Once you have studied the market, you are well-equipped to create a marketing plan. Product, price, promotion, and distribution should be included in your discussion. You are addressing how you plan to get your projected share of "The Market" you described above.
Most venture capitalists consider the entrepreneur and the management team to be the most important component of a venture. Discuss how your education and experience and that of your managers, if any, equip you to lead your venture. Your resumes will be in the appendix. Go beyond summarizing your backgroundsexplain how the skills of the individuals on the team interrelate to each other and the work at hand. If you plan to run the company yourself, tell why you can by supporting your propositions with examples.
Sustainable competitive advantages help assure long-term success. Having gone through the qualitative components of your plan, recap for the reader the strategic advantages of your venture.
Financial Assumptions and Risks
Show how you arrived at your financial projections. Support your projections with evidence and logic. By detailing your financial assumptions, you will lend credibility to your pro forma or projected financial statements. You need to avoid making unsubstantiated projections about the success of your venture by explaining the assumptions you make. Can you justify your expected sales volume? Have you charted out your anticipated costs over time?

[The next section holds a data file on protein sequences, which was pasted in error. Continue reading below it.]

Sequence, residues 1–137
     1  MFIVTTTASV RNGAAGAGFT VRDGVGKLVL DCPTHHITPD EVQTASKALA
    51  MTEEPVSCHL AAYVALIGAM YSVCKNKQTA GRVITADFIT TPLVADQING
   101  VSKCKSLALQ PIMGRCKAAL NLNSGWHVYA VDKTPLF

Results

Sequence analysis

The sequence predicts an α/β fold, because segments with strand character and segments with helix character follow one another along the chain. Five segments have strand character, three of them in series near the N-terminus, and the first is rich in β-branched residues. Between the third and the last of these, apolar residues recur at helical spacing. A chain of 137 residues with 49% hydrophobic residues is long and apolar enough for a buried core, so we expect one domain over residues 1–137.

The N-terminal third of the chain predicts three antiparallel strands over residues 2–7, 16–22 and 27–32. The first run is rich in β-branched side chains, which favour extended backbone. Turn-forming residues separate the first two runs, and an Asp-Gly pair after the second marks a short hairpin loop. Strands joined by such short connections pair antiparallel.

Sources and Uses of Funds
Investors don't like to be alone so you need to spell out other sources of capital. They also don't like to give away their money with no restrictions. Of course, you probably don't now yet where the money is coming from, but it is wise to show that you have a plan for raising capital. Discuss your expected sources of capital. You'll be expected to contribute capital as well. Also use this chance to explain your long-term plan for funding the company. Will the company fund its own growth through profits or is this the first of many stages of financing? Then explain how you will use your capital. You don't want to look as though you've arbitrarily picked $200 or $200,000 or even $2,000,000 as the amount of money you need to start your business. Why do you need that money? How will you use your funds.
Pro Forma Financial Statements
Once you have developed your plan and your assumptions, creating financial projections is simply a matter of formatting and calculation. If you are unable to produce the financial statements yourself, work with an accountant or consultant on a deferred or project fee basis to do it for you.
Essentially, you will need two sets each of the three primary accounting statements: the balance sheet, the income statement, and the cash flow statement. For each statement, make monthly projections for the first year and annual projections for the first five years of the venture.
The appendices are the most custom-designed portion of your business plan. Aside from the resumes of the principals or key management, what you put in the appendices to the business plan is entirely up to you.
If your company has been in the news or there are other relevant press clippings, you can include them here. If you have been published yourself, you may want to include relevant excerpts, especially if you have a medical or high-tech venture. Some people even like to personalize their business plans with photographs of themselves.
Source: Business Capital for Women by Emily Card
and Adam Miller. Macmillan, 1996.
Source: Business Capital for Women by Emily Card and Adam Miller. Macmillan, 1996.